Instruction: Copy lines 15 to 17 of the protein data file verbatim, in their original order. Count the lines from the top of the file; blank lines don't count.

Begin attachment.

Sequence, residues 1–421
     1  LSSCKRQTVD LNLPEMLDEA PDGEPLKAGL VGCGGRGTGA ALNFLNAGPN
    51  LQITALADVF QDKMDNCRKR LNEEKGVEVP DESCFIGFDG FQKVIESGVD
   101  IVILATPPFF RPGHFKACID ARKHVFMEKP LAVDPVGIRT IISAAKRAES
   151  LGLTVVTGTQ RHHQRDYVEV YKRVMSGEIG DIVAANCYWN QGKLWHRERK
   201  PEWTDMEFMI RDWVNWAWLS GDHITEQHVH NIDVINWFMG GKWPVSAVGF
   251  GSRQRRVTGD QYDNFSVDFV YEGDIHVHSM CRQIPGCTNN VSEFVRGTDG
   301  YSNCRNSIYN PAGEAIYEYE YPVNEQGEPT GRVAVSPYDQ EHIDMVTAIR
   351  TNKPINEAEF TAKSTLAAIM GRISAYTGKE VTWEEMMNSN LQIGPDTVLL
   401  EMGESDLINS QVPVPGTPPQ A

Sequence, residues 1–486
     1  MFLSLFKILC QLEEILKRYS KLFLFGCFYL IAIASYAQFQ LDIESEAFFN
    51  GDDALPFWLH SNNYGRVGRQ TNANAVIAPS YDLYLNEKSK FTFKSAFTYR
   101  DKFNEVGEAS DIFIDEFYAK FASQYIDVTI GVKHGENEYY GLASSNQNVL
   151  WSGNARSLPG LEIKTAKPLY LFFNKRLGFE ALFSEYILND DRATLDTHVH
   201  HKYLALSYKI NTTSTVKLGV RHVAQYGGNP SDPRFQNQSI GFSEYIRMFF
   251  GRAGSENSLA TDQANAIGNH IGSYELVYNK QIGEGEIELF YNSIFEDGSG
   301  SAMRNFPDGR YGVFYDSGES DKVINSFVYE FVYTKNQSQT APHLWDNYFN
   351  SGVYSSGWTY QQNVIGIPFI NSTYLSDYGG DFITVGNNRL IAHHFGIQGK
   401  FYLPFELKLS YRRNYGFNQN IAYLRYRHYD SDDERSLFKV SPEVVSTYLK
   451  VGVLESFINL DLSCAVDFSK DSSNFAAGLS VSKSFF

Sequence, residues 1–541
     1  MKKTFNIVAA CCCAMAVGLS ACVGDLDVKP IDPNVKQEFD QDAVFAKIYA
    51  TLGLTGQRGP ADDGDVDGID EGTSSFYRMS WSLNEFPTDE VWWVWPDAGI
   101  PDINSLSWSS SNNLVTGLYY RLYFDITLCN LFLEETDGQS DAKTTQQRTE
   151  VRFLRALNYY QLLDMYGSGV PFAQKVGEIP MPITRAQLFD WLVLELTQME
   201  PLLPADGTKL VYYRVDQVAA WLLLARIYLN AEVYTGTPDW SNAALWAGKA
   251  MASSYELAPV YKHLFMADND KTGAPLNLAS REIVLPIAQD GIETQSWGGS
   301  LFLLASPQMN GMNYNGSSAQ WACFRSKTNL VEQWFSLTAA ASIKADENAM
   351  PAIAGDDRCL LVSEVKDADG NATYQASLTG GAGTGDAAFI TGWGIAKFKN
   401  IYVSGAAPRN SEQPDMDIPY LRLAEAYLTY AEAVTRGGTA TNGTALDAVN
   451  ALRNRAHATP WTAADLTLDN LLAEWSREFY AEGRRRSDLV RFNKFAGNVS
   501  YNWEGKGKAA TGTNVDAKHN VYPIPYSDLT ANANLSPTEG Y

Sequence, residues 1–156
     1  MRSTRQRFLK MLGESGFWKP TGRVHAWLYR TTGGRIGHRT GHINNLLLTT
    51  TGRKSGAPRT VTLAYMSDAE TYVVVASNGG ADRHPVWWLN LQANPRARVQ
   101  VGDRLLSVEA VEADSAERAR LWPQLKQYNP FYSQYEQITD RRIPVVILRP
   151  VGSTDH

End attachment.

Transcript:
   151  WSGNARSLPG LEIKTAKPLY LFFNKRLGFE ALFSEYILND DRATLDTHVH
   201  HKYLALSYKI NTTSTVKLGV RHVAQYGGNP SDPRFQNQSI GFSEYIRMFF
   251  GRAGSENSLA TDQANAIGNH IGSYELVYNK QIGEGEIELF YNSIFEDGSG